Dolphin takes on octopus, but clever adversary mounts counterattack; photos

Bottlenose dolphin tries to shake octopus. Photo: Courtesy of Jodie Lowe/Port Macquarie Cruise Adventures

Bottlenose dolphins prey on a variety of sea creatures, and sometimes the creatures fight back.

Photographer Jodie Lowe, while on a voyage this week with Port Macquarie Cruise Adventures in New South Wales, Australia, captured rare images showing a dolphin named "Grandma" trying to shake an octopus that had latched onto her side and back, close to her blow hole.

Bottlenose dolphin tries to lose octopus upon reentry. Photo: Courtesy of Jodie Lowe/Port Macquarie Cruise Adventures

The company posted the images to Facebook on Tuesday, with the description:

"Awesome encounter with our local river dolphins on our National Park Eco Cruise today.

"We got to witness one of our local river dolphins, Grandma, with an octopus stuck to her and she was getting into midair trying to take it off. In the end she got it off and ate it."

Bottlenose dolphin dives headfirst with octopus clinging very close to its blow hole. Photo: Courtesy of Jodie Lowe/Port Macquarie Cruise Adventures

Events such as this are rarely documented. However, this was reminiscent of a scene that played out in 2012 off western Greece (see bottom photo).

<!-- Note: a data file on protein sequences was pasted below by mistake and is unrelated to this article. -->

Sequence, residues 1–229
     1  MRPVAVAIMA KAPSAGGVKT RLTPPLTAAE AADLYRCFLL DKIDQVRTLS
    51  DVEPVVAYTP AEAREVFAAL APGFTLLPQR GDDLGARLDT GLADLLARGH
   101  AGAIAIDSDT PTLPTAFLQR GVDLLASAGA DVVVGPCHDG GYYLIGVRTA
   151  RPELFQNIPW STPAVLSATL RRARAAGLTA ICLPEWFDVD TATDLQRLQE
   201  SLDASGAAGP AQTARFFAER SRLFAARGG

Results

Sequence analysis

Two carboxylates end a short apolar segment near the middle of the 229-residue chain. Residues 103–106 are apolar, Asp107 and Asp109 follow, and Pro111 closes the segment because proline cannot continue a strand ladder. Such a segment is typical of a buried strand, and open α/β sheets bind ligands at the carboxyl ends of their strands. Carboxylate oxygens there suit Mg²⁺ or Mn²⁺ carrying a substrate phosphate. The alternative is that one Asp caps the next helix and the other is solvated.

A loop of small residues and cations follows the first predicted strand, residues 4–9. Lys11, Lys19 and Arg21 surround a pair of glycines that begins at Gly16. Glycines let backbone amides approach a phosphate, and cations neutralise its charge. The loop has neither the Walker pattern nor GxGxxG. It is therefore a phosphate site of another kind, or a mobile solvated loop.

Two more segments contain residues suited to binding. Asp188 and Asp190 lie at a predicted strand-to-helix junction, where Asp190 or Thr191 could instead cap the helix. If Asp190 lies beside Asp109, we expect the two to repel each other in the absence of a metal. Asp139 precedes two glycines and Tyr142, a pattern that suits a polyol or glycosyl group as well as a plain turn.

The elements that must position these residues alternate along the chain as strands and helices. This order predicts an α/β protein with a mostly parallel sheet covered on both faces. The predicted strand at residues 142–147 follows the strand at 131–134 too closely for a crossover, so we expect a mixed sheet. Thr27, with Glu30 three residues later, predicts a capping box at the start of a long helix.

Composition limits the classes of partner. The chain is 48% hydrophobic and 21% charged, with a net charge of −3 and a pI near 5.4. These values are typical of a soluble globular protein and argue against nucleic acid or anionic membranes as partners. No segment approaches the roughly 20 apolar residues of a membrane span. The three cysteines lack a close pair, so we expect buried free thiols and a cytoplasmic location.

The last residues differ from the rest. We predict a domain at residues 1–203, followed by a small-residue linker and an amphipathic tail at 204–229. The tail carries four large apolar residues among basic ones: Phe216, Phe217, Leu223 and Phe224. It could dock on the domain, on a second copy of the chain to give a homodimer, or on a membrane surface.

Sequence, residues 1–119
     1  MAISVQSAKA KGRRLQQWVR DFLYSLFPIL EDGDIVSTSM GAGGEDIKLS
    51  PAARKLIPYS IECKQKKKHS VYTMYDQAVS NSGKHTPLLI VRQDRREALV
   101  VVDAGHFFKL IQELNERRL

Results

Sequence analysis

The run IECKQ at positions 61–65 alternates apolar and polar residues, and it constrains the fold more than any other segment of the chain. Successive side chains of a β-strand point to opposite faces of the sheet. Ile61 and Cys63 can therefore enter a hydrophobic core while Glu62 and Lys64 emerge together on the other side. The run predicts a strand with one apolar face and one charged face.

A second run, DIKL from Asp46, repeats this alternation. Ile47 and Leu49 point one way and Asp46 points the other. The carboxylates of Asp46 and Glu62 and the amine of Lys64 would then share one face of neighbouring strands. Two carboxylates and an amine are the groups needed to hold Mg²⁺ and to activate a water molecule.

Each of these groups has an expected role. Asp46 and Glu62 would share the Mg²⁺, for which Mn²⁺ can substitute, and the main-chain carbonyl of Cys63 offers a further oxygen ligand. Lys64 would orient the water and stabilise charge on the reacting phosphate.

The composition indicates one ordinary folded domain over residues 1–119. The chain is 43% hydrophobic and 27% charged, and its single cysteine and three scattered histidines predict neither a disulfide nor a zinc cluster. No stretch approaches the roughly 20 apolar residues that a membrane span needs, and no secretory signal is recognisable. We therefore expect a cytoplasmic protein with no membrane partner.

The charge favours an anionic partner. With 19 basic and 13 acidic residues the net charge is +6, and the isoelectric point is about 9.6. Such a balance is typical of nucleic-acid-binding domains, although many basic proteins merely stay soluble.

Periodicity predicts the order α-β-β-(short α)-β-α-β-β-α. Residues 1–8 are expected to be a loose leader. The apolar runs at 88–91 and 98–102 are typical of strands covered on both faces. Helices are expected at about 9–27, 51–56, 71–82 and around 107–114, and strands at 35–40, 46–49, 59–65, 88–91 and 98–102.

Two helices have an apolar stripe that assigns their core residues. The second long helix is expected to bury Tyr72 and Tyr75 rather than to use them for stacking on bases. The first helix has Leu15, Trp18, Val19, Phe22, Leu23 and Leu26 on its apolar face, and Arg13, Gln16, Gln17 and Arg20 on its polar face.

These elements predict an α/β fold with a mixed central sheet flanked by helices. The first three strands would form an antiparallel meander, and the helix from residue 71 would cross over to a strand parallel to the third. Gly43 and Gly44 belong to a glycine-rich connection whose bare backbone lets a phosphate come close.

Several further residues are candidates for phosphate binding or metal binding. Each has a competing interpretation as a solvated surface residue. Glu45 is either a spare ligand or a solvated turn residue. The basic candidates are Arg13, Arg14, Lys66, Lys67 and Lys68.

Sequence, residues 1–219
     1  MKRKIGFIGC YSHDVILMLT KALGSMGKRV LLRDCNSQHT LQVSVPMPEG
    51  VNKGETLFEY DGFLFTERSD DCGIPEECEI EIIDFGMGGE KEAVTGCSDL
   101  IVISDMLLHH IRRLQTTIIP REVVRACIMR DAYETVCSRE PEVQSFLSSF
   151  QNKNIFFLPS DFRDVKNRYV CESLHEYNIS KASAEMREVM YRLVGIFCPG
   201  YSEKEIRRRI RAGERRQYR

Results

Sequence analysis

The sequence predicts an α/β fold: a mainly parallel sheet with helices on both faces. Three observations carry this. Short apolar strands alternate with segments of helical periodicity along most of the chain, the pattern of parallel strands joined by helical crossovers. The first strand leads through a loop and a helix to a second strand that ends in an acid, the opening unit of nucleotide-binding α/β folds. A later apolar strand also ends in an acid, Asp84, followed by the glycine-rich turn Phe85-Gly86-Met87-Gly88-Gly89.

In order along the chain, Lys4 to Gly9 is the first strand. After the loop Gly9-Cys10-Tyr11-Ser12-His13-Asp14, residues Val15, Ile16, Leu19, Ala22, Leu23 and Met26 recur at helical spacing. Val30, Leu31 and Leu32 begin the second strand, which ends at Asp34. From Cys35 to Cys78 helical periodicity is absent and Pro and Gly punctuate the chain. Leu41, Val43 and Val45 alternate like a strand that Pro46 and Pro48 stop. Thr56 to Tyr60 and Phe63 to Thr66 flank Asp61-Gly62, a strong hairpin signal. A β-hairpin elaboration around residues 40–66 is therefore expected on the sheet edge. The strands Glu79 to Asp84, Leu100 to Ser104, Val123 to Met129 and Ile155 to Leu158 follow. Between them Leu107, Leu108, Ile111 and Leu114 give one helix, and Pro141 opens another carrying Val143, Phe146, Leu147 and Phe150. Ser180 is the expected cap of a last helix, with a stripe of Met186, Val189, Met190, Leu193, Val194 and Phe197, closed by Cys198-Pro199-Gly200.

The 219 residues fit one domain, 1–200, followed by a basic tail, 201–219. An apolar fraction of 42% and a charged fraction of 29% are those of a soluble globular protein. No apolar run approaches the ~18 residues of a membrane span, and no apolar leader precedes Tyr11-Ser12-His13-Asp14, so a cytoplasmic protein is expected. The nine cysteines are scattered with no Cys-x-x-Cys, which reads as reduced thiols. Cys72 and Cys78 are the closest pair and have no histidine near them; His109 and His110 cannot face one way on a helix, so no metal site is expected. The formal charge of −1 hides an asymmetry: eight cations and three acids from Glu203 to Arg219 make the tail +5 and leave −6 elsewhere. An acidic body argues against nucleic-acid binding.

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A bottlenose dolphin was photographed leaping with a large octopus attached to its belly, covering its genital region.

Joan Gonzalvo of the Ionian Dolphin Project told New Scientist that he had "never seen anything like this," and theorized that the dolphin had been attempting to prey on the octopus, when the octopus clung to its belly.

Bottlenose dolphin documented off Greece in 2012 with ‘naughty octopus’ clinging to its private region. Photo: Courtesy of Ionian Dolphin Project

A blog post by Gonzalvo was titled, “Naughty octopus."

That dolphin, too, was able to shake the pesky mollusk.

As for Grandma, she might be accustomed to the precarious nature of preying on octopi. Lowe told GrindTV that the matriarch of the Hastings River pod – who appears to be pregnant – is estimated to be 25 to 30 years old.